Decision No. 18,049
Appeal of MICHAEL VASQUEZ from action of the Board of Education of the City School District of the City of Binghamton regarding a school district election.
Decision No. 18,049
(September 20, 2021)
Coughlin & Gerhart LLP, attorneys for respondent, Nathan D. VanWhy, Esq., of counsel
ROSA., Commissioner.--Petitioner challenges a determination of the Board of Education of the City School District of the City of Binghamton (“respondent”) to allow a candidate, C.H., (“C.H.” or the “candidate”) to be placed on the ballot of respondent’s May 2021 election. The appeal must be dismissed.
Given the disposition of this appeal, a detailed recitation of the facts is unnecessary. In respondent’s district, individuals seeking to be placed on the ballot for a position on the school board must obtain 50 signatures on a nominating petition. C.H. collected 89 valid signatures in support of her candidacy and, thus, was placed on the ballot. District officials rejected two separate challenges from petitioner regarding the validity of these signatures. The election was held on May 18, 2021, and the district certified the results on the following day. This appeal ensued. Petitioner’s request for interim relief was denied on May 21, 2021.
Petitioner argues that many of the signatures obtained by the candidate were not validly obtained, incorrect, or incomplete. For relief, petitioner seeks determinations: (1) as to whether “solicited petition signatures are valid if an individual is unable to provide consent … due to intoxication from mind-altering psychoactive drugs …”; (2) that petitioner presented “allegation[s] and/or specific evidence” in support of his claims to respondent; and (3) that the “dates and addresses on [C.H.’s] petition forms … are not correct or adequate ….”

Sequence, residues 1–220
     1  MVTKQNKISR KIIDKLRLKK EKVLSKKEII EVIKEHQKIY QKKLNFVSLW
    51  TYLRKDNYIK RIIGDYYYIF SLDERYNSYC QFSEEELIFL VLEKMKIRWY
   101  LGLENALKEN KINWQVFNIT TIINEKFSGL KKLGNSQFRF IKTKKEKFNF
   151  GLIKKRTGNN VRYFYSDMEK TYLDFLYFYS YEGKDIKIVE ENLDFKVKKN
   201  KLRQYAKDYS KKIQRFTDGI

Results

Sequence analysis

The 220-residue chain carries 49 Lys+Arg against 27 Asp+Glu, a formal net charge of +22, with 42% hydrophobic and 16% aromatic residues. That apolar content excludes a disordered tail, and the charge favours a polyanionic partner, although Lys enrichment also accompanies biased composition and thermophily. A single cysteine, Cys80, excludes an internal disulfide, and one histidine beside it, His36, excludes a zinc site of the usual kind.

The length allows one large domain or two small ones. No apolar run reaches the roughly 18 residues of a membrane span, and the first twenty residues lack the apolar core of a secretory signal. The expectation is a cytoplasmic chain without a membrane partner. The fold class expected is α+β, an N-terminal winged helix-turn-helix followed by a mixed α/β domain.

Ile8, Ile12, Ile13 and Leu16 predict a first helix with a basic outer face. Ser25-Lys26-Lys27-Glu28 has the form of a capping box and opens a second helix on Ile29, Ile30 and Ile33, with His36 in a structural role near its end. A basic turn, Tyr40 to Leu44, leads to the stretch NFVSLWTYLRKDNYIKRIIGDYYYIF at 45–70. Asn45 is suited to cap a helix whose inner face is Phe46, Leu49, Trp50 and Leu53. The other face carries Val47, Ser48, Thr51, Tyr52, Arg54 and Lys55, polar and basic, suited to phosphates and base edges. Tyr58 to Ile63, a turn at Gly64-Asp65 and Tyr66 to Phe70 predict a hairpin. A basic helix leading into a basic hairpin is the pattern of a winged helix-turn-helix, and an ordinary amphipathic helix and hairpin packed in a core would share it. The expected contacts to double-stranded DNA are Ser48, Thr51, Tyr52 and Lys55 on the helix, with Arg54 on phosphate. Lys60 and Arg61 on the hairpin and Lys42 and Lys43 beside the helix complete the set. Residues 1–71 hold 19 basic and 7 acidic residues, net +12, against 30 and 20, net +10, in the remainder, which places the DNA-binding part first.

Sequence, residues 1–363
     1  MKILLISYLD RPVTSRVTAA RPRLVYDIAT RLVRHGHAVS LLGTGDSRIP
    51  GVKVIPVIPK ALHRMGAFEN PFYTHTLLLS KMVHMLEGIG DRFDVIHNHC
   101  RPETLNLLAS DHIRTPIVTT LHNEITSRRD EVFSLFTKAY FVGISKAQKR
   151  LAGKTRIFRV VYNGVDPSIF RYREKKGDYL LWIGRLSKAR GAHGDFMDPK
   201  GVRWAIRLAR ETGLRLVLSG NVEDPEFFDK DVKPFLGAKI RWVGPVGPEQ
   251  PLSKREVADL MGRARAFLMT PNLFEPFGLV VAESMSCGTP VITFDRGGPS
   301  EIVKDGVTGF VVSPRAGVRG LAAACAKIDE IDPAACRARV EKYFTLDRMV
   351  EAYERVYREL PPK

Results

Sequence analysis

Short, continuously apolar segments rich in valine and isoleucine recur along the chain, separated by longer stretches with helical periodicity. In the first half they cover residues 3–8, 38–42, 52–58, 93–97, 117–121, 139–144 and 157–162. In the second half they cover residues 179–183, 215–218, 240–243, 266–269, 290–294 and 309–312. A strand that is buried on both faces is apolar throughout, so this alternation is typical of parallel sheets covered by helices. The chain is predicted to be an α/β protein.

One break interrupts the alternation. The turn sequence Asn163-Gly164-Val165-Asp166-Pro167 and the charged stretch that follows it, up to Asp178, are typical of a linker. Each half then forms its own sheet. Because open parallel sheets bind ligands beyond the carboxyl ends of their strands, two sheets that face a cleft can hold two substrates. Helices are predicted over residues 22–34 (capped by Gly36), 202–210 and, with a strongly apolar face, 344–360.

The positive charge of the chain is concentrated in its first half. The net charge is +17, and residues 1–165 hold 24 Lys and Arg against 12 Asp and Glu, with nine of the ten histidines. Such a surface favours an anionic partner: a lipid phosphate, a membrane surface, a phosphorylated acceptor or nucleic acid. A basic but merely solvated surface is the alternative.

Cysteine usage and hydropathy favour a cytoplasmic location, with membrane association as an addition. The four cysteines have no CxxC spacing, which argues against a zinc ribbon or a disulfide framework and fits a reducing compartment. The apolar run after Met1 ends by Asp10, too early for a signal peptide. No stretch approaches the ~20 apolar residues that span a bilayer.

Respondent denies petitioner’s contentions and asserts that the appeal must be dismissed for, among other reasons, improper service and failure to join a necessary party.
The appeal must be dismissed as moot. The Commissioner will only decide matters in actual controversy and will not render a decision on a state of facts that no longer exists due to the passage of time or a change in circumstances (Appeal of Sutton, 57 Ed Dept Rep, Decision No. 17,331; Appeal of a Student with a Disability, 48 id. 532, Decision No. 15,940; Appeal of M.M., 48 id. 527, Decision No. 15,937; see Matter of Hearst Corp. v Clyne, 50 NY2d 707, 714 ). Where the Commissioner can no longer award a petitioner meaningful relief on his or her claims, no live controversy remains and the appeal must be dismissed (Appeal of R.B., 57 Ed Dept Rep, Decision No. 17,394; Appeal of N.C., 40 id. 445, Decision No. 14,522).
The signatures that petitioner disputes were obtained so that C.H.’s name could be placed on the ballot for the May 18, 2021 election. In an affidavit dated June 7, 2021, counsel for respondent indicates that C.H. was not a successful candidate in that election. Therefore, even if I were to sustain petitioner’s allegations, no meaningful relief could be granted under the circumstances (Appeal of Najm, 59 Ed Dept Rep, Decision No. 17,853). Petitioner’s remaining requests for relief are abstract in nature and do not relate to a live controversy. It is well established that the Commissioner does not issue advisory opinions or declaratory rulings in an appeal pursuant to Education Law § 310 (Appeal of He, 57 Ed Dept Rep, Decision No. 17,299; Appeal of Leake, 57 id., Decision No. 17,235; Appeal of a Student with a Disability, 48 id. 411, Decision No. 15,899).
In light of this disposition, I need not address the parties’ remaining contentions.
THE APPEAL IS DISMISSED.
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